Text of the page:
But not when you're just starting out.

I certainly did just what you're talking about myself. I commented on blogs for about six months with a bunch of pseudonyms before I got brave and set up a Google profile with my own info and email address. That transitional period was essential for developing my "blog voice."

This is a great piece of advice. I'll pass it on.

Alyssa said...

This was such an encouraging post for me. Thanks!

ticknart said...

As one who posts under a pseudonym, I've been told by friends and family that I don't change myself in my anonymous writings. I always feel just as guarded when I write on the internet, under my real name or not, as I do in "real life" or speaking in person.

I've thought about moving my blog under my real name, but I'm not going to. I won't because I write about work in some pretty harsh terms, things I do say to family and friends, but would never say to a coworker. And the way employers are searching for information about potential employees, I don't want what I've written to hurt my chances.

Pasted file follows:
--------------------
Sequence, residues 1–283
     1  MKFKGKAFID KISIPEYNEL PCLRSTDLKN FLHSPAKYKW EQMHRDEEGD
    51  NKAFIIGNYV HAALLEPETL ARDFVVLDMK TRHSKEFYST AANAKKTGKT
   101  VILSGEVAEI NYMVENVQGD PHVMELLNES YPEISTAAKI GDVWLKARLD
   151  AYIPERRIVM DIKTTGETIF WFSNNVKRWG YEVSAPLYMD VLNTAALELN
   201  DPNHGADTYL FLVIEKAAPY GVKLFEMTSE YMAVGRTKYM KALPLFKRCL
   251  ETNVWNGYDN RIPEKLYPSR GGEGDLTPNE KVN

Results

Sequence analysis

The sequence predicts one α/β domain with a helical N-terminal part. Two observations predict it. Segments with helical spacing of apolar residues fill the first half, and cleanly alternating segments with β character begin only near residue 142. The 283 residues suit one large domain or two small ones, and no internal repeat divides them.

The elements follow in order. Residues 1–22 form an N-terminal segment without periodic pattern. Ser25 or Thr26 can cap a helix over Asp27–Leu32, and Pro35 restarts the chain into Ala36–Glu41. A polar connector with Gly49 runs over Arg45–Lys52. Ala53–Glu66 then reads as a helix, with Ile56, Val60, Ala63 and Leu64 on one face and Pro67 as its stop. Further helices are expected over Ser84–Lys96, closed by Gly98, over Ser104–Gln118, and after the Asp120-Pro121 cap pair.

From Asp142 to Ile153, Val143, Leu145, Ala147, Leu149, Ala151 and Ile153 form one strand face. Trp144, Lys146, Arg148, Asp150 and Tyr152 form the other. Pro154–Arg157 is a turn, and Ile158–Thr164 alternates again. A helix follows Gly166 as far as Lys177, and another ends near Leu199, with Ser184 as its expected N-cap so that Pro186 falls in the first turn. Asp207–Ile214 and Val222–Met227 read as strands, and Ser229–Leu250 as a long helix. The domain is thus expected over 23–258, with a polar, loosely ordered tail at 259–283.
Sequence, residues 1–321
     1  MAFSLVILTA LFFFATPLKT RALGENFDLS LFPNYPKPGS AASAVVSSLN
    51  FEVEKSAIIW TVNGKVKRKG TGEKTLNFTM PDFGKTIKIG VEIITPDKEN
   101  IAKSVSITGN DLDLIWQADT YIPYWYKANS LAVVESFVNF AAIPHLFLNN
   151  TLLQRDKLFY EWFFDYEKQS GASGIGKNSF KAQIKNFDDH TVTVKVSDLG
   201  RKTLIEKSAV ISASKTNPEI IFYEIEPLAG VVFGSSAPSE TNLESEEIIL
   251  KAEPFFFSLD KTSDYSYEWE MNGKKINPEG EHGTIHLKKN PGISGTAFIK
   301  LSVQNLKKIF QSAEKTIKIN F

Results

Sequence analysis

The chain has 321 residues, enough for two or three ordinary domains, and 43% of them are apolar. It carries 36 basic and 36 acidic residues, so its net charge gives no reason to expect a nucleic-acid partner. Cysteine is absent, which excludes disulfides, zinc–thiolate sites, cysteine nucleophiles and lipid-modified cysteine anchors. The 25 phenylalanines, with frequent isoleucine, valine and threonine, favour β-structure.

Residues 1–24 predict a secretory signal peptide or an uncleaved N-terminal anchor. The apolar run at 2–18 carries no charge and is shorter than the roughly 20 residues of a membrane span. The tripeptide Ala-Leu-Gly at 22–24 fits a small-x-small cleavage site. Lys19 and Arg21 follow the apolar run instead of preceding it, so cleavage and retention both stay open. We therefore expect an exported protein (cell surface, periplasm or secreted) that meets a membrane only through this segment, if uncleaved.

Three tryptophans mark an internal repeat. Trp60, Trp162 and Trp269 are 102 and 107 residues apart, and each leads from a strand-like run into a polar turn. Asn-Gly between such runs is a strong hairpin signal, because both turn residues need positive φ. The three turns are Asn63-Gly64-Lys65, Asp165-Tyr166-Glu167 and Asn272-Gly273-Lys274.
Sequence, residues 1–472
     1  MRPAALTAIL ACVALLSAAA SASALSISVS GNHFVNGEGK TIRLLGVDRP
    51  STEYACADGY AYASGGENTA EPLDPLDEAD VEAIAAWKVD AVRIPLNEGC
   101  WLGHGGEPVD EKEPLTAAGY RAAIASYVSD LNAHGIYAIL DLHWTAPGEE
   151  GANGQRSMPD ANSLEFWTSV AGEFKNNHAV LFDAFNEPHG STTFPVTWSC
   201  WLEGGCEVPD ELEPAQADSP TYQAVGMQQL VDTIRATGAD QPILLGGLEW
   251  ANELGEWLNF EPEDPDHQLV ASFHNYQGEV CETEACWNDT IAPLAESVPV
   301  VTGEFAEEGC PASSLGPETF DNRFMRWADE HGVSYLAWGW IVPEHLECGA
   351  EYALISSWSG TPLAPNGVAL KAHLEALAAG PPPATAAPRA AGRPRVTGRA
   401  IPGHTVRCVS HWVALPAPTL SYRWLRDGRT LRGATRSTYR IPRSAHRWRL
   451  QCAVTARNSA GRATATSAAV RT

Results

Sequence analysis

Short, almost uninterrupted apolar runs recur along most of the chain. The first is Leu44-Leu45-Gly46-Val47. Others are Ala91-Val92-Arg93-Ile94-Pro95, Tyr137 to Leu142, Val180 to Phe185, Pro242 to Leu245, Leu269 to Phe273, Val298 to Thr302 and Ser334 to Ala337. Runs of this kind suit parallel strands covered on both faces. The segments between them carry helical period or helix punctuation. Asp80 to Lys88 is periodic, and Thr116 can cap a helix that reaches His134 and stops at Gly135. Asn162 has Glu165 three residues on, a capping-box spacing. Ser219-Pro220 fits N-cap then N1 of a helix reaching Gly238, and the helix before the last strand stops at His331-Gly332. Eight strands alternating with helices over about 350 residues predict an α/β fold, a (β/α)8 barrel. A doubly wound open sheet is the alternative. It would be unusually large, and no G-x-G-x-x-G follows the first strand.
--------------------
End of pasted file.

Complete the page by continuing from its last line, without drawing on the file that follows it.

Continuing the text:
1000th.monkey said...

I have recently started an anonymous blog... for many of the reasons you listed... to try it out, find my online voice, etc. But I have one other reason... I'm dyslexic. I began honing my writing in elementary school as a way to *hide* this disability. As an adult, I am only now becoming comfortable talking about it. The blog is a new way to test the water and become more comfortable with making mistakes that other people can see.

I'm hoping that soon those mistakes will no longer give me an intense feeling of self-loathing and embarrassment and I can just shrug, smile, edit and forget :)

none said...

I'm a strong supporter of anonymity and pseudonyms. *blinks innocently*

R.L. LaFevers said...

Anne, I'm glad to hear someone else went the anonymous route at first! It really does help.

Gracie--I'm so glad it was encouraging for you--that was my hope!

ticknart, how interesting that anonymity doesn't seem to change your writing, that you remain just as guarded. Hm. Or maybe you'd be even MORE guarded if uncloaked?

Wow, 1000th monkey! Your situation makes a compelling case for this whole anonymity angle! Here's hoping you find the ease and familiarity you're looking for! I bet you will...

Ha, L.E.! And how much do I love your profile pic!

T.S. Welti said...